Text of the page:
The Importance Of Linda In "The Things They Carried"

1108 words - 4 pages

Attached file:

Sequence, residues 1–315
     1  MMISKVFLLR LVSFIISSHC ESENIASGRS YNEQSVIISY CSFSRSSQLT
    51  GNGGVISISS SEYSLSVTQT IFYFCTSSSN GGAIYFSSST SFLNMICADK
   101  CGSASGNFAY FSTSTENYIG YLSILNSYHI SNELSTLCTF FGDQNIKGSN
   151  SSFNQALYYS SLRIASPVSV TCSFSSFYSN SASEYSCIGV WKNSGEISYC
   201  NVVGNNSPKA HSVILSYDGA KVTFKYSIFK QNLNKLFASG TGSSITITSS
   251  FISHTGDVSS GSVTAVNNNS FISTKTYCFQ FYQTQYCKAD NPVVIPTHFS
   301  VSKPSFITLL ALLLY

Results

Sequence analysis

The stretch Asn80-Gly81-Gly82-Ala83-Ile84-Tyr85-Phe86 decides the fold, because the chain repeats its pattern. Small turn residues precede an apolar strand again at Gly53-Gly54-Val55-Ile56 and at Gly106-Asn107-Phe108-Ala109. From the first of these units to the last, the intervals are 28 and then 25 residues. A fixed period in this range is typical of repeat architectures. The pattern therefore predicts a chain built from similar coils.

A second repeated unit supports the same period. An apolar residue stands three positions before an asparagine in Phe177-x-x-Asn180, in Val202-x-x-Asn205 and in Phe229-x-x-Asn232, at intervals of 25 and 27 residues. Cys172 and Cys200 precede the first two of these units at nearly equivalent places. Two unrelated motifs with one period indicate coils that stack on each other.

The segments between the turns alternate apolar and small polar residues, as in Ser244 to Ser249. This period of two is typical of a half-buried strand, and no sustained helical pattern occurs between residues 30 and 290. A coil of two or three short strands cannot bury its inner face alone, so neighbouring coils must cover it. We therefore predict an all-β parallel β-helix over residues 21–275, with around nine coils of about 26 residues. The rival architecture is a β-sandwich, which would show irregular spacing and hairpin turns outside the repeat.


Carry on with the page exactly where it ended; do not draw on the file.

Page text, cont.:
In the last chapter entitled "The Lives of the Dead", Tim O'Brien introduces Linda, a nine-year-old girl he claims he was in love with as a child, who eventually died of a brain tumor. One might ask why the author chose to work in this childhood experience into a novel about the ugliness and cruelty of war. She is quite a contrast to the stories of killing, death, and mental struggles associated with Vietnam, however she collaborates nicely with story's main theme. Tim O'Brien brings in the character of Linda to compare her to the young men of the Alpha Company, to juxtapose the events of Linda's death with the deaths in war, and to further the theme of keeping the deceased alive through stories and memories.While on the surface Linda may seem totally unrelated to the soldiers in Vietnam, she actually has more in common with them than meets the eye. Both parties are very young and are dealing with events that are very harsh and challenging, especially at such a young age. Linda is struggling with a brain tumor, which ultimately kills her, while the men of Alpha Company are struggling with their fears and gruesome memories of the war that affect each in different ways. They are equally naïve, inexperienced, and uncertain about their situations. Since she is so young, Linda does not know how severe her medical condition is and does not understand why she is going to die, as the young men in the war are not sure why they had to leave home to fight a war with no immediate cause.As the title implies, they both carry things that represent their burdens, fears, and memories. These items act as a form of protection or distraction for them during their tough times. Some of the men in Vietnam carry comic books or photos to distract them from a cruel war. Others carry items of superstition, like Henry Dobbins' stockings that he wears for good luck. For Linda, her red cap is her prized possession, which not only serves as protection to shield her balding head, but also represents her mental strength throughout her last few months of life. She still goes to school during her treatment and wears her red cap everyday even in class and she is teased about it. At recess in the playground, a kid named Nick Veenhof sneaks up behind her and almost yanks off her cap, but then scurries away before he can. As a child, Tim O'Brien recalls, "naturally I wanted to do something about it, but it just wasn't possible. I had my reputation to think about. I had my pride" (233). He feels great respect for Linda and admires her courage. Although at the time he does not know she is going to die, he still wants to protect her from the cruelty of the other children. A similar situation happens during his time in Vietnam.When coming across dead corpses, many of the soldiers would mock the lifeless bodies as a way to deal with the tragedy of death. Shaking hands and giving high fives adds humor to a very grime situation, though Tim O'Brien remembers how he does not participate...

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